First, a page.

Underwater photo competition showcases stunning images of marine life


Diving northern gannets

Kat Zhou/UPY 2024

Snowy-white northern gannets (Morus bassanus) plunge into icy waters off the Shetland Islands in Scotland in search of food in this action-packed photograph. The seabirds are almost as big as an albatross, with a wingspan of up to 180 centimetres. They are also uniquely adapted to high-speed diving, with strong neck muscles and nostrils inside their bills that can be closed to prevent water entering.

The shot was one of the most spectacular in the 2024 Underwater Photographer of the Year competition, which celebrates the wonders of the marine world. Here are some of New Scientist’s top picks from the many entries.

Virgo wreck near Recife, Brazil

Fabi Fregonesi/UPY 2024

In this photo by Fabiana Fregonesi, a school of fish swarm around a wreck, forming a shape resembling a boat’s sail for a fleeting moment. The vessel, called Virgo, was deliberately sunk in 2017 to become a dive site near Recife, Brazil.

“The feeling I had at the time was that the ship was ready to set sail, beginning its journey towards an unknown adventure,” Fregonesi said in a statement.

The eye of a grey whale

Rafael Fernandez Caballero/UPY 2024

The eye of an eastern grey whale (Eschrichtius robustus) pierces this mysterious shot taken from just above the surface of a saltwater lagoon in west Mexico. These marine giants are friendly creatures, often showing their curiosity by approaching boats. The whales make one of the longest annual migrations of any mammal – from summer feeding grounds in the Arctic southwards along the west coast of North America to the warm lagoons of Baja California, Mexico.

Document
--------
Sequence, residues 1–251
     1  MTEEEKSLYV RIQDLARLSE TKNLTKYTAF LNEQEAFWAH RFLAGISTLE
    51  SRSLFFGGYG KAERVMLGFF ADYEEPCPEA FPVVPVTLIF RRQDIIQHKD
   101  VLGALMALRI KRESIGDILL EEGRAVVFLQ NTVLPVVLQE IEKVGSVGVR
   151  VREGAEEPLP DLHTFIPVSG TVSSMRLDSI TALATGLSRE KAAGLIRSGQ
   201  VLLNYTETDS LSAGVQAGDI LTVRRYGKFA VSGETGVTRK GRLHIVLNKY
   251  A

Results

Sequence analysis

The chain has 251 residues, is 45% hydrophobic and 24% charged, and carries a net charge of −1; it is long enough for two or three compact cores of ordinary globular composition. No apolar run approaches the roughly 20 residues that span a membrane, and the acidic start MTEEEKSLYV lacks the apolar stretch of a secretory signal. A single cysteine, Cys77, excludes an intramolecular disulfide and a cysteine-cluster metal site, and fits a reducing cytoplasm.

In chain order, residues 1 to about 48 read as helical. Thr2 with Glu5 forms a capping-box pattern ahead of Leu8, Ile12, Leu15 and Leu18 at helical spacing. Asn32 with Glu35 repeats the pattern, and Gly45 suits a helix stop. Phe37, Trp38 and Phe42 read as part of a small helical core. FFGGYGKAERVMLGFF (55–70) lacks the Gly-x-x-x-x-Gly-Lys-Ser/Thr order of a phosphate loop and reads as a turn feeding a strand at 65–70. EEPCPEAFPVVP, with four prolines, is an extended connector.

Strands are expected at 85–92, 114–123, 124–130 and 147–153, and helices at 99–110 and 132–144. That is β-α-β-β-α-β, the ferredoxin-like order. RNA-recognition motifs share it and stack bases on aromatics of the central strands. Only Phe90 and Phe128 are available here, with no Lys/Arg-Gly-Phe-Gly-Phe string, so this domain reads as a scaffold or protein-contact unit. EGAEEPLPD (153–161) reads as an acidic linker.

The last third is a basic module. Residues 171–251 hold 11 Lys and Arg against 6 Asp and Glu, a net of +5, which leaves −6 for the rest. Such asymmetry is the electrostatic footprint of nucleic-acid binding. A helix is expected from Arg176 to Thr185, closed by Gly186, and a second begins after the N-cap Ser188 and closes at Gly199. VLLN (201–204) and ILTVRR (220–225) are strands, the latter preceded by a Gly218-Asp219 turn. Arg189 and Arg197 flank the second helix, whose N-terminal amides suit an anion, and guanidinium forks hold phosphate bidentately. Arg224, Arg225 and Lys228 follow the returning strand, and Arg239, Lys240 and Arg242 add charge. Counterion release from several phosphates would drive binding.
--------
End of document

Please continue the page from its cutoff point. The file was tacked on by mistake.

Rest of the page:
An octopus ringed by a pyrosome

Dennis Corpuz/UPY 2024

In stark contrast to the gigantic grey whale, this 10-centimetre-wide organism was captured up close in deep waters off the Philippines. The circular subject of the image is a pyrosome – a colonial animal that is made up of hundreds or thousands of minuscule individuals called zooids. Enveloped inside the bizarre pyrosome is a little octopus, just peeking out.

A diving cormorant

Jon Anderson/UPY 2024

This ravenous cormorant makes a beeline towards photographer Jon Anderson’s camera, after mistaking it for a fish. The extraordinary image was taken in a kelp forest at a dive site in Monterey, California, during a bright summer afternoon. Many cormorant species rely on these special marine ecosystems to survive; however, local kelp forests have declined 80 per cent in the past decade.

A stranded sperm whale

Nuno Sá/UPY 2024

Dozens of beachgoers in southern Portugal attempt to save a sperm whale (Physeter macrocephalus) in this incredible aerial shot.

“Together they push and chant, trying to help the giant back into the sea, as it slowly slaps its tail back and forth and breathes heavily,” said photographer Nuno Sá in a statement. Despite their best efforts, the whale died several hours after beaching – crushed under its own weight without the support of water.

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